I am filled with pride when I see that one of our former students and one of our longtime instructors, Eric Levine, is now at the helm of Midwest Goalie School. As the school’s founder and as the Director of the camp for the first 28 years of its existence, I wanted to share the history of the camp, and exactly why Eric is the perfect person to oversee the school as it goes forward.
MGS was founded in 1982. Our first instructional staff and I had worked at a local goalie camp, but we felt what was being offered by that camp could be improved upon. When we approached the camp’s owner about ways to make it better, he refused. He was not a goalie; the camp was just a business to him. So we decided to move out on our own, and Midwest Goalie School was born. During an era where the butterfly was still controversial, we were the only goalie camp that used that form as the central part of our instruction. In those days, skate saves were still the primary puck-stopping movement. Yet I was convinced that the butterfly was the superior move in both stopping the initial shot, in recovery, and in rebound control. That thought process and conviction came from my admiration for Hall of Fame goalie Glenn Hall, who invented the butterfly and is indeed the “Father of Modern Goaltending.” We held true to Glenn’s convictions that skating, great balance, and mental preparation were the tentpoles upon which great goaltending was built. In tribute to Glenn, all of the jerseys at MGS feature the number one on the back.
Beyond the butterfly, Midwest was different because we addressed the mental part of the game with equal attention and importance as the physical parts of the game. “Uncle Chico’s Story Hour” became a popular feature for our students, and the lectures that were filled with the right balance of instruction and humor got the messages across of the necessary mental strength and confidence that were essential to great goaltending.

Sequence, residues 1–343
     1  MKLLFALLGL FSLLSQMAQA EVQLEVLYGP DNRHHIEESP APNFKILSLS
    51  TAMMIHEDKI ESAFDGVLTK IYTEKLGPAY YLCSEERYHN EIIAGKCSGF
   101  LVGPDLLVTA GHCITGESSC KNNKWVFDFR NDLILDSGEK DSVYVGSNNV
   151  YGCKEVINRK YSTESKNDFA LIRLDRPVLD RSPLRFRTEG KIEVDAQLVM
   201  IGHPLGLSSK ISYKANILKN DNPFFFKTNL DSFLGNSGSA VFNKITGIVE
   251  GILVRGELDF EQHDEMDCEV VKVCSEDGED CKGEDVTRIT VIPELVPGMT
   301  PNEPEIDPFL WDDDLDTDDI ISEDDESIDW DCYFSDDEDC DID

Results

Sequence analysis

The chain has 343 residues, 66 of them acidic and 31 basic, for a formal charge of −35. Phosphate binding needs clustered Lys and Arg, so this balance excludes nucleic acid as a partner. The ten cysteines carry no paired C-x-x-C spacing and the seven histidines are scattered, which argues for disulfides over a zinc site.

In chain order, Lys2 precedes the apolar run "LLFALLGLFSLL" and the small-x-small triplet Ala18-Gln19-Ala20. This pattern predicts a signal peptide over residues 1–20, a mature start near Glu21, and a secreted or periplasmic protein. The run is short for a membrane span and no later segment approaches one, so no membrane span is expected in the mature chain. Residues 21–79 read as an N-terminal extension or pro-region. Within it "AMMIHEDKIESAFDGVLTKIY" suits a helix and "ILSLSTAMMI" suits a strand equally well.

MGS recognized that having challenging shooters was crucial to the quality of the camp, so we were the first camp to hire shooters, and to train those shooters to shoot in a manner that complimented the instruction of our staff, challenged our goalies, and had fun with our goalies. We were also the first camp to use video review. MGS also hired terrific young instructors who were either at the peaks of their playing careers or who had strong collegiate careers — careers that lent to their teaching credibility.
The extra attention and reasonable cost of the school, together with my determination NOT to expand to other markets (and lose control of the quality of instruction in the process), allowed us to have a large and loyal following. So many of our students returned summer after summer, growing up with us, and blossoming with us. On the web site, you can find a list of the distinguished alumni from the camp, and as proud as I am of the names you might recognize, I am just as proud of the names you don’t see; goalies who came to us to find a place where they could be amongst others like them, to have a place they could go every year where they could be understood and appreciated.
That we created that environment successfully may be what I am most proud of. That we gave our students a sense of their value, a sense of confidence, and that they stayed in touch for years after their playing days were over was touching and appreciated. Any of you who have worked with Eric will understand that what you will get from him and his hand-picked staff will be exactly what Midwest Goalie School has always provided for our students. We offered quality instruction. But we gave our students more; we gave them confidence, and we cared. That element is far more important and more lasting than teaching how to control a rebound. Eric will make that a priority, and Midwest Goalie School will go on as I envisioned it.
I appreciate that, and each of you fortunate enough to attend going forward, certainly will as well. The equipment has changed a lot since our first year, but the heart of what Midwest Goalie School is, is exactly the same. And that heart can be summed up in the three rules of goaltending that formulated what we taught:
Your stick is always on the ice, the puck is always centered on your chest, and FORWARDS ARE STUPID.
— Tom “Chico” Adrahtas
Founder, Midwest Goalie School